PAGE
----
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String.valueOf(Object) Vs. Objects.toString(Object)

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String.valueOf(Object) Vs. Objects.toString(Object)

Are these two methods really all that different? Or, are they just similar with specific use cases? Click here to find out more about the string.valueOf() and Objects.toSpring() methods.

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The useful method String.valueOf(Object) has been around since JDK 1.0 and is one of the JDK-provided methods that I use on a regular basis. The Objects class was introduced with JDK 1.7 and included the Objects.toString(Object) method. This post compares these two similar methods. Let's get to it!

Both methods String.valueOf(Object) and Objects.toString(Object) essentially do the same thing: call the toString() method on a passed-in object. This is the case as long as it's not null or it doesn't return the string "null" when null is passed to them. In short, both methods are designed to provide a simple approach for invoking an object's toString() without worry about a NullPointerException if it turned out to be null.

The table below compares characteristics of the methods String.valueOf(Object) and Objects.toString(Object).

CHARACTERISTIC STRING.VALUEOF(OBJECT) OBJECTS.TOSTRING(OBJECT)
Java SE 10 Method Javadoc "Returns the string representation of the Object argument." "Returns the result of calling toString for a non-null argument and 'null' for a null argument."
Java SE 10 Return Javadoc "if the argument is null, then a string equal to "null"; otherwise, the value of obj.toString() is returned." "the result of calling toString for a non-null argument and "null" for a null argument"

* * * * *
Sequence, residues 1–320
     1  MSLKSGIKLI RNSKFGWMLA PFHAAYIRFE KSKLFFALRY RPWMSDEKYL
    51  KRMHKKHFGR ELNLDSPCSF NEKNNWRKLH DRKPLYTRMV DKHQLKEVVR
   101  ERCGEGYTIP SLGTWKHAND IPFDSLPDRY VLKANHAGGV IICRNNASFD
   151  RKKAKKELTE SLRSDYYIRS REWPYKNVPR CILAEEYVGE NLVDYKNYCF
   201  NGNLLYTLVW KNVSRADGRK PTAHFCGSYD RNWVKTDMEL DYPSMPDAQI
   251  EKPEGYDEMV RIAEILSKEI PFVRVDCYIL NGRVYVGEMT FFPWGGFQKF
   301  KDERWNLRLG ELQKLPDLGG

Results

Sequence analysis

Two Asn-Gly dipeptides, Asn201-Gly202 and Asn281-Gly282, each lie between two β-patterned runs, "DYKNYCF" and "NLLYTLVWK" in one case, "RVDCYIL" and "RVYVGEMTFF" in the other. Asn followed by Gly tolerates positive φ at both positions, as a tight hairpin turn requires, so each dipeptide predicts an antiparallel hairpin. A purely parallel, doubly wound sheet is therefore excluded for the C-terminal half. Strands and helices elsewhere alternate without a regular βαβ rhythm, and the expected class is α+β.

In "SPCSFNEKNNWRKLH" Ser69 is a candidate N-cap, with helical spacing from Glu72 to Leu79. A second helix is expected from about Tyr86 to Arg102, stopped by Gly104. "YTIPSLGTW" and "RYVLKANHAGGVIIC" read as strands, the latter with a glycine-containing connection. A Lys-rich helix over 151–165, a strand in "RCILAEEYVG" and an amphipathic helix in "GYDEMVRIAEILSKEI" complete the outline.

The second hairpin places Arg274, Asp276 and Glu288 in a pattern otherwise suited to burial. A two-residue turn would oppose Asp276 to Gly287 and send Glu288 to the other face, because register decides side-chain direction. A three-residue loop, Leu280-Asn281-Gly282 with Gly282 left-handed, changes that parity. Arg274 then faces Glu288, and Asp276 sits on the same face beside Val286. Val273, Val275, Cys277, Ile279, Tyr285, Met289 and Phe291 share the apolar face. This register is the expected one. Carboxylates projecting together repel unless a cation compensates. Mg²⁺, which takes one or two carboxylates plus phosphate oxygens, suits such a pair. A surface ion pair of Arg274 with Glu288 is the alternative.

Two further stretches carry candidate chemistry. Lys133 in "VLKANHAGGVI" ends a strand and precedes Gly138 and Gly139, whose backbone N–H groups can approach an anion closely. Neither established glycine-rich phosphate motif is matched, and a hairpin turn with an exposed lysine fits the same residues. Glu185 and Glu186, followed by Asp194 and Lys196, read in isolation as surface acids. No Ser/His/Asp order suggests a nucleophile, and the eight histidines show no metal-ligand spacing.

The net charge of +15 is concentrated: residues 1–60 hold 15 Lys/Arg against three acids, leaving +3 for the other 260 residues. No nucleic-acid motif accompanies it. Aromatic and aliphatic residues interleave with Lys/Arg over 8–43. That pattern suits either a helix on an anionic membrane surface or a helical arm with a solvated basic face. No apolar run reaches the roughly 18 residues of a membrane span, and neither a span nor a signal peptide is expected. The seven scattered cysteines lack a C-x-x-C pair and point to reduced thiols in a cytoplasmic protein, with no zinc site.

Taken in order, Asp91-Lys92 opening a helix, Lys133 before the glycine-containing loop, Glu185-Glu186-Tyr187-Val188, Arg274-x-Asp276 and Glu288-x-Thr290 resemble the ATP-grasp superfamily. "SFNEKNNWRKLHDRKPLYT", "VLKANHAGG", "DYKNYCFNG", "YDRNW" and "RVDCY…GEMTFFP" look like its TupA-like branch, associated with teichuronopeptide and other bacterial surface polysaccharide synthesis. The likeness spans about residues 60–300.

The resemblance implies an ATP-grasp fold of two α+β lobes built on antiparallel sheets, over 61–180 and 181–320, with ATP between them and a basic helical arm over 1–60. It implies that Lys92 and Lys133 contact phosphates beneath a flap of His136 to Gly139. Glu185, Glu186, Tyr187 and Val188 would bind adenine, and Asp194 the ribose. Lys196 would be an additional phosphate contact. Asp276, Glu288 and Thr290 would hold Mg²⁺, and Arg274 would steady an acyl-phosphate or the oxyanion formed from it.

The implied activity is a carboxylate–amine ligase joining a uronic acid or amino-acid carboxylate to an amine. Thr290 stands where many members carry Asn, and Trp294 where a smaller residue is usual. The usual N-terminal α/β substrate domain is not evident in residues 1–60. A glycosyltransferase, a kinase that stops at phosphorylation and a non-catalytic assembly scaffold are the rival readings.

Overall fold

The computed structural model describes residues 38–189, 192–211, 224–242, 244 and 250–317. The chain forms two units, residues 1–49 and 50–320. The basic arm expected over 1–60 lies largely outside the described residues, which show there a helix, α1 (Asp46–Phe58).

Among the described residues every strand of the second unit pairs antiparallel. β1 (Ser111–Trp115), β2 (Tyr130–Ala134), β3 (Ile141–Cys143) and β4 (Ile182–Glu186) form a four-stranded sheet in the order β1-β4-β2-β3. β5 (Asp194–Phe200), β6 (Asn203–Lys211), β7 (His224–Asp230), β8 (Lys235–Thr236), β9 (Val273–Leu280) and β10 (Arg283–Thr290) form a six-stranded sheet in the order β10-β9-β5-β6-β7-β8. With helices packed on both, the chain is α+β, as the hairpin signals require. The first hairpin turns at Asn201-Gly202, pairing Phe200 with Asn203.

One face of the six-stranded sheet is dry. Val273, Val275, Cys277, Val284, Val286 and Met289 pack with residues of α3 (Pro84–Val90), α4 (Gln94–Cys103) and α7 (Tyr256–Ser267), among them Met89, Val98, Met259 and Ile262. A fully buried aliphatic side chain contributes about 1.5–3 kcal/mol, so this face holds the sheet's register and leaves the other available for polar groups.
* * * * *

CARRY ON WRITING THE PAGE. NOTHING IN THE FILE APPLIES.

Method Modifiers public static public static
Overloaded Versions valueOf(boolean)
valueOf(char)
valueOf(char[], int, int)
valueOf(double)
valueOf(float)
valueOf(int)
valueOf(long)
valueOf(Object)

toString(Object)

toString(Object, String)

On the surface, it appears that String.valueOf(Object) and Objects.toString(Object) do the same thing. It turns out that they are the same. Here is the code for Objects.toString(Object) from OpenJDK:

OpenJDK: Definition of Objects.toString(Object)

public static String toString(Object o) {
    return String.valueOf(o);
}


The code snippet above shows that the Objects.toString(Object) method simply delegates to String.valueOf(Object) method. The OpenJDK implementation of String.valueOf(Object) is shown next.

OpenJDK: Definition of String.valueOf(Object)

public static String valueOf(Object obj) {
    return (obj == null) ? "null" : obj.toString();
}


The above code snippets show that either String.valueOf(Object) or Objects.toString(Object) can be called when an object's toString() representation is desired without risk of a NullPointerException. There might be minor reasons to prefer one over the other, and I typically choose the direct call to String.valueOf(Object) over the indirect call to that method via Objects.toString(Object).

Although I typically use String.valueOf(Object) instead of Objects.toString(Object) by default when I want the string "null" returned if the passed-in object is null, the alternate overloaded method Objects.toString(Object, String) has the advantage of specifying any string to be returned by the method if the passed-in object is null. So, for example, one could use this method to return an empty string (""), and the string "nil", the string "none", or any other arbitrary string if a passed-in object was null. The OpenJDK code listing for Objects.toString(Object, String) is shown next.

OpenJDK: Definition of Objects.toString(Object, String)

public static String toString(Object o, String nullDefault) {
    return (o != null) ? o.toString() : nullDefault;
}


One thing to note regarding the Objects.toString(Object, String) implementation is that if one passes null to this method as the second argument, then null (rather than the string "null" or any other string) will be returned by that method.

The methods String.valueOf(Object), Objects.toString(Object), and Objects.toString(Object, String) make it easy to provide string representations of objects without the need to write explicit checks for the null.

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Topics:
java ,string ,objects ,valueof ,tostring ,methods ,comparison

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